Wilson Douglas on Ed Haley

Wilson Douglas

Wilson Douglas

from http://brandonraykirk.wordpress.com:

Douglas:  “I knew him way back in ’38, ’39. As you know, he was a resident of Ashland, Kentucky, and he was born in Logan County, West Virginia. Well, he would come up to Ivydale, West Virginia, by train and then he would ride over on up into Calhoun County with the mail carrier. And he would get a ride with somebody over to Laury Hicks’, like with an old gentleman who used to be a country doctor, Dr. White. And while he was up in Calhoun County and Clay County, we’d go ever night – if we could get there anyway – and he’d play that fiddle about four or five hours at a time. Well, he’d go back to Ashland and stay a couple of months. I guess he was playing somewhere around in Kentucky. And then along in the fall he’d come back and maybe stay a month and then he’d catch the train to Logan County.”

I asked Wilson if he played a lot with Ed and he said, “Oh, well. No, I didn’t play a lot with him. I was just beginning to fiddle, you know, and he was my idol of a fiddler player. He mostly inspired me to fiddle, him and David French Carpenter of Clay County, West Virginia. I’m going to tell you, that there album [Parkersburg Landing] don’t give him credit.”

I asked Wilson if he remembered any of Ed’s tunes and he said, “Oh god, he played all the old tunes. Well, as you know, they all played the ‘Billy in the Lowground’, the ‘Tennessee Wagner’. I play one of Haley’s tunes: he called it the ‘Morning Flower’. Played in the key of A. I’ll have to think. Well, as you know, he called the ‘Stony Point’, the ‘Gilroy’. I learned that off of him. You know, all these tunes has got four or five different titles. And I played a little bit of his ‘Devil’s Dream’. He would play that to get warmed up.”

Did you ever hear him play “Blackberry Blossom”? I asked.

“Oh, by god yeah,” he said. “I remember him playing that. You know, Ed Haley told me he could hear a tune twice and play it, and I believe it.”

I said to Wilson, “Now, Ed Haley improvised a lot, didn’t he? Like take a tune and play it different kinda ways.”

“Well, he could play it about any way,” he said. “I’ll tell you what. He’d do a lot of that to show his skill, I think, but when you settled him down he didn’t vary the bow from one time to another. Now where they’s a gang of fiddlers around, you know, a little distant to him, trading tunes and messing around, he would show them up. I don’t think he did it just to be smart: he did it to show them that he could do it, you know. And what I liked about him: if he heard somebody play a tune, they’d say, ‘Well now Ed, am I getting it?’ And he’d say, ‘No, you’re not getting it.’ And if you were to get it, he’d say, ‘Yeah, that’s good enough. Drop it. Don’t try to do it no better than that.’ I liked that. He went straight to the point, and he told it like it was. If a fiddler got to fiddling too fast, he’d say, ‘Well, you’re losing the soul.’ Oh, he’d just cuss. Only tune to my knowledge that he really played fast was ‘Forked Deer’.”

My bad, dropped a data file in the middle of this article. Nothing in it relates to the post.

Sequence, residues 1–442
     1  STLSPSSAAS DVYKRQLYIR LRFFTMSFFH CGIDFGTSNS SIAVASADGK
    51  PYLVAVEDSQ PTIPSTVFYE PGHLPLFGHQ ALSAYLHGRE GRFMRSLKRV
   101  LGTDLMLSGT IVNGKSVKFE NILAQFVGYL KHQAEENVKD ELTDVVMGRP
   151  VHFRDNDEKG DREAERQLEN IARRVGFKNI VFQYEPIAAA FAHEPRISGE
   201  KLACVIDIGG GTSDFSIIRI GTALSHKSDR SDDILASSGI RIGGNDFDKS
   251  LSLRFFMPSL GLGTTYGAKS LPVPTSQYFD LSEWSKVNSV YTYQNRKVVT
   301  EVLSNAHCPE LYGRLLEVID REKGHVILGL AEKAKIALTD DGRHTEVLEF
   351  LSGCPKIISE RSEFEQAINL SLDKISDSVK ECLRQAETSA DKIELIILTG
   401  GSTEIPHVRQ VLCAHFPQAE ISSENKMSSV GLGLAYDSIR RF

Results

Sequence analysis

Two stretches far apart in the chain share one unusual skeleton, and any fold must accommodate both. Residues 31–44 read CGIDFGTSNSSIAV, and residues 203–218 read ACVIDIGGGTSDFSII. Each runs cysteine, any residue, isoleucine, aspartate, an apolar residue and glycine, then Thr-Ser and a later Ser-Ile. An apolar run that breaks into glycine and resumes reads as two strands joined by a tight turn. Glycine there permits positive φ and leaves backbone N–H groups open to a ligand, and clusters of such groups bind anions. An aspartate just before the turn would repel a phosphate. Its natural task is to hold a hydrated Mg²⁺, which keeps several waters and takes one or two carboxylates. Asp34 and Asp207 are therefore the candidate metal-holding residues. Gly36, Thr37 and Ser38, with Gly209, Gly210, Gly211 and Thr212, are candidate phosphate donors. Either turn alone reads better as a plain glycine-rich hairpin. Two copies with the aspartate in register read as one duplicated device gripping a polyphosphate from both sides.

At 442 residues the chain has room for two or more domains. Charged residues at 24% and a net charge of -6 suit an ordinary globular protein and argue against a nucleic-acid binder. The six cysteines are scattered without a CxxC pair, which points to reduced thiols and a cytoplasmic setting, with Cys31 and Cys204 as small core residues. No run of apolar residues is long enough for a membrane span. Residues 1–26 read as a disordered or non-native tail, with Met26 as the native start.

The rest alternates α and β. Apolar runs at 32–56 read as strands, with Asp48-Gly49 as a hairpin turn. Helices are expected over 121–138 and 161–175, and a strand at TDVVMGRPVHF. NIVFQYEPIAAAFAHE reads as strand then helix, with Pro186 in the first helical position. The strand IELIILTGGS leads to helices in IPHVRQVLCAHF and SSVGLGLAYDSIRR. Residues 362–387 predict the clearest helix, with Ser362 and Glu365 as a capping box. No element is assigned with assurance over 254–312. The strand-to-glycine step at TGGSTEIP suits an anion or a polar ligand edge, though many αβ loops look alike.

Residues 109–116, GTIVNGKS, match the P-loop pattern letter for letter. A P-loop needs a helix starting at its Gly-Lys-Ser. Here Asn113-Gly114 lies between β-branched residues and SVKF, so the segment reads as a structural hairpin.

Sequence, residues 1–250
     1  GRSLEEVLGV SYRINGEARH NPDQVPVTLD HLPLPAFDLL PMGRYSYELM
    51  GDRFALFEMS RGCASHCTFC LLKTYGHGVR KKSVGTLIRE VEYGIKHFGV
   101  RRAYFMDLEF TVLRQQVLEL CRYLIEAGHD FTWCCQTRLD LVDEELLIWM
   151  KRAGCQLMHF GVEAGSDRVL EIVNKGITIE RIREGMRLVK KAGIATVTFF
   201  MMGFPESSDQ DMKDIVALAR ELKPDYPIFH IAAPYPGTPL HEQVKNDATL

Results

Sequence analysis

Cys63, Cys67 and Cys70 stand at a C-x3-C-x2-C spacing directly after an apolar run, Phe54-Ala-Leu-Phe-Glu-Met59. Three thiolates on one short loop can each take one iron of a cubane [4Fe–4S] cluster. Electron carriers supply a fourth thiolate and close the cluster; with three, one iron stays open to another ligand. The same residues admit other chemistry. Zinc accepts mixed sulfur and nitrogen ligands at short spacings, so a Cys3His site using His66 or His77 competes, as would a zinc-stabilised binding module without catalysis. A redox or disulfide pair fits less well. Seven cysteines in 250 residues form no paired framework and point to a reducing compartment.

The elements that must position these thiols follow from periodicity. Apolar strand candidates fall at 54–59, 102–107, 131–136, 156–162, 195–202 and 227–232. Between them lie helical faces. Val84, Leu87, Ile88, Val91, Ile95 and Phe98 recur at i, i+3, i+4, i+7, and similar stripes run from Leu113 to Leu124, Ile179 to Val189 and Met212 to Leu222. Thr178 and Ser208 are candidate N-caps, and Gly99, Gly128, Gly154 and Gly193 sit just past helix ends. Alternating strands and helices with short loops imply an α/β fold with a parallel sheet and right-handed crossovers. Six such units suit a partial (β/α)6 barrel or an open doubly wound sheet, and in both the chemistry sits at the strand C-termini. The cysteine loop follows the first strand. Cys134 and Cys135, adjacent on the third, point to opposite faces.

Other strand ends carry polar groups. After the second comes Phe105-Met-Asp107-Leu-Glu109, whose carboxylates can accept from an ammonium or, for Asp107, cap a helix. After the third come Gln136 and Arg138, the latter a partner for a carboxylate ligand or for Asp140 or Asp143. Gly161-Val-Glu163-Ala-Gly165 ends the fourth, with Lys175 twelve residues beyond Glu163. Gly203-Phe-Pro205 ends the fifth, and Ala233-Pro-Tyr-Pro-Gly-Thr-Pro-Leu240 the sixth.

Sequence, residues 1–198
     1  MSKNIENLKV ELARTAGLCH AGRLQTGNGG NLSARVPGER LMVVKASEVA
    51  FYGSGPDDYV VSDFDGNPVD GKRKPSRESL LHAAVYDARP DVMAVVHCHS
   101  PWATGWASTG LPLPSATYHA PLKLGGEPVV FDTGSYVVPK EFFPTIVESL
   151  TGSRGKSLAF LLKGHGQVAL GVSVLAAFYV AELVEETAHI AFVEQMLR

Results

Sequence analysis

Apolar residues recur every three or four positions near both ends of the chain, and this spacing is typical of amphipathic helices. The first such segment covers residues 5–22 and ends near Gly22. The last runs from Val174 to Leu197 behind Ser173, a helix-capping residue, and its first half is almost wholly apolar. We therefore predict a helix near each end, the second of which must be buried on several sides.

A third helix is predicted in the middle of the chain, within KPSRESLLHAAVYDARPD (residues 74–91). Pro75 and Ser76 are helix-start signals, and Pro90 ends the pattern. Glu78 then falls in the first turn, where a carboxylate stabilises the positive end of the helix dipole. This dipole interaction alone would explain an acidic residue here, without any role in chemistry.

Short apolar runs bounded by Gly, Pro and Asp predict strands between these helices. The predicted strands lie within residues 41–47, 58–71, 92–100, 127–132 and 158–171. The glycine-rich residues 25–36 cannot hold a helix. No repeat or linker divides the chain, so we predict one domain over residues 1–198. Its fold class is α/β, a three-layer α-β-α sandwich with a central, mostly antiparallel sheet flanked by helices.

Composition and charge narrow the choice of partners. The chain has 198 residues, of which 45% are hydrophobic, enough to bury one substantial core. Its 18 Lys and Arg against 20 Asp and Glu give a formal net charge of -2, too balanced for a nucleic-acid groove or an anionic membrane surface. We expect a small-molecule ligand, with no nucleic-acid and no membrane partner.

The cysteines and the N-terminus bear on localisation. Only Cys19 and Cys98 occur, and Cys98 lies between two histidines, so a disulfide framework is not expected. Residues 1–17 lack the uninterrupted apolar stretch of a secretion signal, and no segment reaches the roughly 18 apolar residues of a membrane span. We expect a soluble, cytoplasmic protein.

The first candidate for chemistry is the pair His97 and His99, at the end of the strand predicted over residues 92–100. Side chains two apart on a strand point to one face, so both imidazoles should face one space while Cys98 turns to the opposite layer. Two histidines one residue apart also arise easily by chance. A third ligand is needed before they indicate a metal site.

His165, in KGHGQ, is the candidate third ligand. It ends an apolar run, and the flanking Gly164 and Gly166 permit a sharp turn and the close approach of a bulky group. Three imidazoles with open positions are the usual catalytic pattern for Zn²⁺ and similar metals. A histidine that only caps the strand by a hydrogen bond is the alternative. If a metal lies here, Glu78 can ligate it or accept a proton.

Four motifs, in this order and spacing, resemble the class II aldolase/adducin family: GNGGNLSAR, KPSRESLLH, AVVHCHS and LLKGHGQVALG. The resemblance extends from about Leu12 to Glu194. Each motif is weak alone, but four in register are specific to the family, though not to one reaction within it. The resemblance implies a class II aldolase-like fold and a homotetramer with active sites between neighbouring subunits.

I asked Wilson what he remembered about Ed’s bowing and he said, “Now, he played a long straight bow, but he put in the bow whatever the tune required. Every tune requires a different bow technique, as you know. Oh God, he played a long shuffle bow. I always thought he had the longest fiddle bow I’d ever seen. You know, he could tell if a fiddler was playing the short bow. He’d say, ‘Well son, don’t hold your bow up in the middle. Catch back on the frog of the bow. By god, you need to have bow if you’re gonna play that kind of music.’”

I asked Wilson if he thought Vassar Clements’ bowing was anything like Ed’s and he said, “No, no. By god, no. No, not in my book. Now, you know everybody’s entitled to his own opinion.”

Did Ed play with a tight or loose bow?

“He played a half-tight bow. He didn’t want any bouncing or want any wobbling.”


One Response to “Wilson Douglas on Ed Haley”

  1. Thom Hickey Says:

    Fascinating stuff … I will follow from now on … Regards …. Thom

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